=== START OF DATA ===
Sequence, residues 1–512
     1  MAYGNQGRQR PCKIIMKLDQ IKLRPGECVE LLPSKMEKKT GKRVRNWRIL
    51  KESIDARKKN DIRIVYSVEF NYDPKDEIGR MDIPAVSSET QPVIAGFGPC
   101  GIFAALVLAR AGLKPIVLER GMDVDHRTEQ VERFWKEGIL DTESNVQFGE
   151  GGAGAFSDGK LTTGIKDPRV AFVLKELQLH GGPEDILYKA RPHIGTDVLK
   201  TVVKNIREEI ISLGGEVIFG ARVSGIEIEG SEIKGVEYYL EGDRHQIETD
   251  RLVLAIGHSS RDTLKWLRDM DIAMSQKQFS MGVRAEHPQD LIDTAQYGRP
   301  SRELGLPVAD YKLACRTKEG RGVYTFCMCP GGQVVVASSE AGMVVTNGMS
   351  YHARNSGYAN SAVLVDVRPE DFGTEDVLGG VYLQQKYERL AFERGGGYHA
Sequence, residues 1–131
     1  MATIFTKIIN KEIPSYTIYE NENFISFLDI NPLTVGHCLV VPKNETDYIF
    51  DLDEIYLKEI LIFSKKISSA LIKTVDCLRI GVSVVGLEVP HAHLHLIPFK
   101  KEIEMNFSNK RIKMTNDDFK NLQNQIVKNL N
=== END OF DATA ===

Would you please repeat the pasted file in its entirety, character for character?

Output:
Sequence, residues 1–512
     1  MAYGNQGRQR PCKIIMKLDQ IKLRPGECVE LLPSKMEKKT GKRVRNWRIL
    51  KESIDARKKN DIRIVYSVEF NYDPKDEIGR MDIPAVSSET QPVIAGFGPC
   101  GIFAALVLAR AGLKPIVLER GMDVDHRTEQ VERFWKEGIL DTESNVQFGE
   151  GGAGAFSDGK LTTGIKDPRV AFVLKELQLH GGPEDILYKA RPHIGTDVLK
   201  TVVKNIREEI ISLGGEVIFG ARVSGIEIEG SEIKGVEYYL EGDRHQIETD
   251  RLVLAIGHSS RDTLKWLRDM DIAMSQKQFS MGVRAEHPQD LIDTAQYGRP
   301  SRELGLPVAD YKLACRTKEG RGVYTFCMCP GGQVVVASSE AGMVVTNGMS
   351  YHARNSGYAN SAVLVDVRPE DFGTEDVLGG VYLQQKYERL AFERGGGYHA
Sequence, residues 1–131
     1  MATIFTKIIN KEIPSYTIYE NENFISFLDI NPLTVGHCLV VPKNETDYIF
    51  DLDEIYLKEI LIFSKKISSA LIKTVDCLRI GVSVVGLEVP HAHLHLIPFK
   101  KEIEMNFSNK RIKMTNDDFK NLQNQIVKNL N